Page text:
The revolution of 1789–93 that toppled the Bourbon monarchy of France and set up continental Europe’s first democratic government became the crucible of modern conspiracy theories and is still frequently cited by modern writers on the extreme right as the classic example of a national government subverted and destroyed by secret societies. These claims are all the more ironic in that nearly every other revolution in modern times offers more evidence of secret society activities. Where the American Revolution of 1776–83 can hardly be described without referring to the activities of the Committees of Correspondence and the Sons of Liberty and the Russian revolution of October 1917 was stage-managed by the Bolshevik Party, the role of secret societies in the French Revolution is equivocal at best.

The ultimate cause of the collapse of the French monarchy in 1789 was the collision between France’s ambitions as a world power and the corrupt, archaic, and inefficient system of taxation and finance that French kings relied on to fund their overseas ventures. The European wars of Louis XIV had placed the kingdom under a burden of debt that grew steadily through the reigns of his son and grandson. France’s part in the American Revolution, financed almost entirely by loans, pushed the Ancien Régime to the brink; in the national budget of 1788, expenses exceeded income by 20 percent, and more than half of expenses went to service the national debt. The royal government’s attempts to reorganize the tax system were systematically blocked by the aristocracy, which sought to preserve its own tax-exempt status and hoped to use the fiscal crisis to regain some of the political power it had lost during the sweeping reforms of Louis XIV.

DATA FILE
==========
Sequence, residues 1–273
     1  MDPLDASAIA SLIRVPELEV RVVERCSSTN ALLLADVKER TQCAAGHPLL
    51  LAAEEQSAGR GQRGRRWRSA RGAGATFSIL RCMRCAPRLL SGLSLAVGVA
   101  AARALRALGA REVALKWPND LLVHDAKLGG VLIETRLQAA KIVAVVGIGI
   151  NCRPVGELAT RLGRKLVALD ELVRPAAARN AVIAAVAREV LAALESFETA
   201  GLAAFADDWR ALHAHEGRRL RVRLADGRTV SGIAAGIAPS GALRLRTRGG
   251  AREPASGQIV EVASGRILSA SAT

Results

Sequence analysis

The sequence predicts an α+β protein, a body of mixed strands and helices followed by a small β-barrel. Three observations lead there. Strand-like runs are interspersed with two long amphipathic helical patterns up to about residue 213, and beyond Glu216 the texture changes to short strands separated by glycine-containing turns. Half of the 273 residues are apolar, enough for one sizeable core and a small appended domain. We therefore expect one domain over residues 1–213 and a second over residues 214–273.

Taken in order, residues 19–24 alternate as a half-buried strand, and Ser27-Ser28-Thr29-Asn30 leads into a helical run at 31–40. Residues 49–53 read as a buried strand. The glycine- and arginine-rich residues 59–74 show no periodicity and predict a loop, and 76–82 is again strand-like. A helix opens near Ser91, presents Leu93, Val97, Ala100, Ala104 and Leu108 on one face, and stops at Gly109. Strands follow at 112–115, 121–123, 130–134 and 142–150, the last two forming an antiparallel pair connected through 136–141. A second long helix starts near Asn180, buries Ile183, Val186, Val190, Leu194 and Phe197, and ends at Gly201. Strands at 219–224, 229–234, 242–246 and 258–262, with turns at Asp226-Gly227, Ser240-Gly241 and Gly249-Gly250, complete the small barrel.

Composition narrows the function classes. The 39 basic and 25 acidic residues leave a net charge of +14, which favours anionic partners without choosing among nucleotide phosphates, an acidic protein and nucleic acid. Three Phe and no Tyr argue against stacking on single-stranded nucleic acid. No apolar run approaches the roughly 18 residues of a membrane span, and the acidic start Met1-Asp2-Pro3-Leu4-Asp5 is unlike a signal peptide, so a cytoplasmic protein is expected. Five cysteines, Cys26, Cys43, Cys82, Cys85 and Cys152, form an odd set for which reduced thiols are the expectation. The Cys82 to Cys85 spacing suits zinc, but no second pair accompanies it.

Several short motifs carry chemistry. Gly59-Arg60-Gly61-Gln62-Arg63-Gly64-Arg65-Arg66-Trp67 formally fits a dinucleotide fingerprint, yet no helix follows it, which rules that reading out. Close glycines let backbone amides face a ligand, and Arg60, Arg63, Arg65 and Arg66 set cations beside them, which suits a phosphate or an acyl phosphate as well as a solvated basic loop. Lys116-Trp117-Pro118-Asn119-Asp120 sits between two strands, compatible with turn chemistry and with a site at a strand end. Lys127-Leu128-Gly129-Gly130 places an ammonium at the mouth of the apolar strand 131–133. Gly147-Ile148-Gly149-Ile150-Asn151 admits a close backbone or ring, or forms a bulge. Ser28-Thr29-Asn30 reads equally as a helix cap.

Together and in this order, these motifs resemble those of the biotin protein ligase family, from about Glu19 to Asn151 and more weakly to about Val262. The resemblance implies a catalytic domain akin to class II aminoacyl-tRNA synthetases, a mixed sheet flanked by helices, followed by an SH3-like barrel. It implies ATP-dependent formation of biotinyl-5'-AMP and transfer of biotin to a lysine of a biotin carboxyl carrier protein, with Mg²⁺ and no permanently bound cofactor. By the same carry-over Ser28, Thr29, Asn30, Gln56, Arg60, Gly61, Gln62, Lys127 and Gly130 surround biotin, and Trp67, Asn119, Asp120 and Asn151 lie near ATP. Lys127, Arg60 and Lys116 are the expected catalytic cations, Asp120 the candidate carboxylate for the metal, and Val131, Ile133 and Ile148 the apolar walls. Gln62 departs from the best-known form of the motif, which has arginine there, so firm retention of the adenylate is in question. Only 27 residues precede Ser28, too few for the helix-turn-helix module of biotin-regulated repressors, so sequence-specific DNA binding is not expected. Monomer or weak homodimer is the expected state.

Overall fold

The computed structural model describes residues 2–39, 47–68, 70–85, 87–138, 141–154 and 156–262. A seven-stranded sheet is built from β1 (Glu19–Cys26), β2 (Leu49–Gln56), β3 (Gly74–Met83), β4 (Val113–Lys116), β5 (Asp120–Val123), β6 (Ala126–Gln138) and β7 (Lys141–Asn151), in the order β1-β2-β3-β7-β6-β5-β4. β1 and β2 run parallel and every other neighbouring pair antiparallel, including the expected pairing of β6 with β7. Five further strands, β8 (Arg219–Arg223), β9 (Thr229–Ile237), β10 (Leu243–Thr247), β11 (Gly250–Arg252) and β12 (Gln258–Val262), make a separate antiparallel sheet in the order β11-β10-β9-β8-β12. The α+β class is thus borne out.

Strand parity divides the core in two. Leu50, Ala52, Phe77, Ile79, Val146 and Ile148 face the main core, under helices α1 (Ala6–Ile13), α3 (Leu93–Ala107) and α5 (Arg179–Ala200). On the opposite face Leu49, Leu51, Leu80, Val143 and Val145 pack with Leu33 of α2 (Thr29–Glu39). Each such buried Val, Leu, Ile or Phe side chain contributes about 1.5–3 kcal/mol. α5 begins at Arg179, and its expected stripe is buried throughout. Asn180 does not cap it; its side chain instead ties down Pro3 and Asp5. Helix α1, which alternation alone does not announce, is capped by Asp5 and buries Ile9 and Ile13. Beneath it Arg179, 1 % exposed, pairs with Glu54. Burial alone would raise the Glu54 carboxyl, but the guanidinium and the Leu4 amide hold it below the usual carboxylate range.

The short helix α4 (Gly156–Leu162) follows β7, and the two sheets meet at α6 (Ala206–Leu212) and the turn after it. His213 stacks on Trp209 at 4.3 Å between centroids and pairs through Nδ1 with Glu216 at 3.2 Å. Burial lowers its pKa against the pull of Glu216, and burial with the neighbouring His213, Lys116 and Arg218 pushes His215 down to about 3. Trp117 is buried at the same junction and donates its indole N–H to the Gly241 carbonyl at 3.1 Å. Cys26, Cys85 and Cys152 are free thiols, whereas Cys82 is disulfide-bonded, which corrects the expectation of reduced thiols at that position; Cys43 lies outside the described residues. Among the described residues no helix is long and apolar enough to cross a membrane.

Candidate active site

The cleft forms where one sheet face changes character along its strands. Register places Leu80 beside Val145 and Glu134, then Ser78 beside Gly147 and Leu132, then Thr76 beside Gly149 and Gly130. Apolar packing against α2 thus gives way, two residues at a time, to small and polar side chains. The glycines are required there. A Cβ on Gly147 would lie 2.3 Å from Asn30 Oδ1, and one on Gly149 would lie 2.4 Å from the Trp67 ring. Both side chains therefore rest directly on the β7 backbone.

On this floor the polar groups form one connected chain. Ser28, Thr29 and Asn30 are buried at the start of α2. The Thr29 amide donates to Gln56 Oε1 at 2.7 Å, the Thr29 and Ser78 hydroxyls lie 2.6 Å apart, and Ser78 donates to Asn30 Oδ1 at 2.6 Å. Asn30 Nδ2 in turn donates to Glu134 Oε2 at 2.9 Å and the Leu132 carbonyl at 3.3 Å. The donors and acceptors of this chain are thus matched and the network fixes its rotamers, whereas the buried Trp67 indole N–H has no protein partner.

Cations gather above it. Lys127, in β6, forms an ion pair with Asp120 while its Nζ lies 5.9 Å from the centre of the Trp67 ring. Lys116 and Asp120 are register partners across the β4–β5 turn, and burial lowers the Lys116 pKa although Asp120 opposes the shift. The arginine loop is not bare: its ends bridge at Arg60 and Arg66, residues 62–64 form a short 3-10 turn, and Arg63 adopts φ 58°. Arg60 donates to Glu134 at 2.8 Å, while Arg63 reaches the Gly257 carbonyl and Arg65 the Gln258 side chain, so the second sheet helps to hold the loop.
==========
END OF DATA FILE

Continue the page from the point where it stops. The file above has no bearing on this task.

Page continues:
With every other option closed to him by aristocratic intransigence, the king summoned the Estates-General, the rarely convened national parliament of France, which alone had the power to levy new taxes. Many aristocrats supported this move, as they hoped to force the king to accept a constitutional monarchy with a privileged place for the nobility. However, this plan backfired explosively on June 17, 1789 when the lowest of the three houses of the Estates-General, representing the commoners, declared itself the sole National Assembly and invited liberal members of the other two houses to join them in a new national government. While the king and conservative aristocrats bickered and temporized, the National Assembly created its own army, the National Guard. In July the Bastille in Paris, the symbol of the king’s absolute rule, was seized and sacked by the Paris mob, and in October the king and his family were forced to leave Versailles for Paris as virtual prisoners of the new government.

From 1789 to 1792 the National Assembly governed France in the king’s name, abolished the privileges of the aristocracy and nationalized the property of the Catholic Church in France. An attempt by the king to flee to the German border, take command of the border garrisons, and retake power was thwarted when a mob stopped him and forced him back to Paris. More serious was the outbreak of war with the Austrian Empire, which sought to return France to royal control. After the poorly equipped French army suffered a series of defeats, a group of Paris radicals seized control of the government, dissolved the National Assembly and abolished the monarchy. A new governing body, the National Convention, called up a massive new army that soon turned the tide against the invaders, driving them back beyond France’s borders and launching a successful invasion of Italy.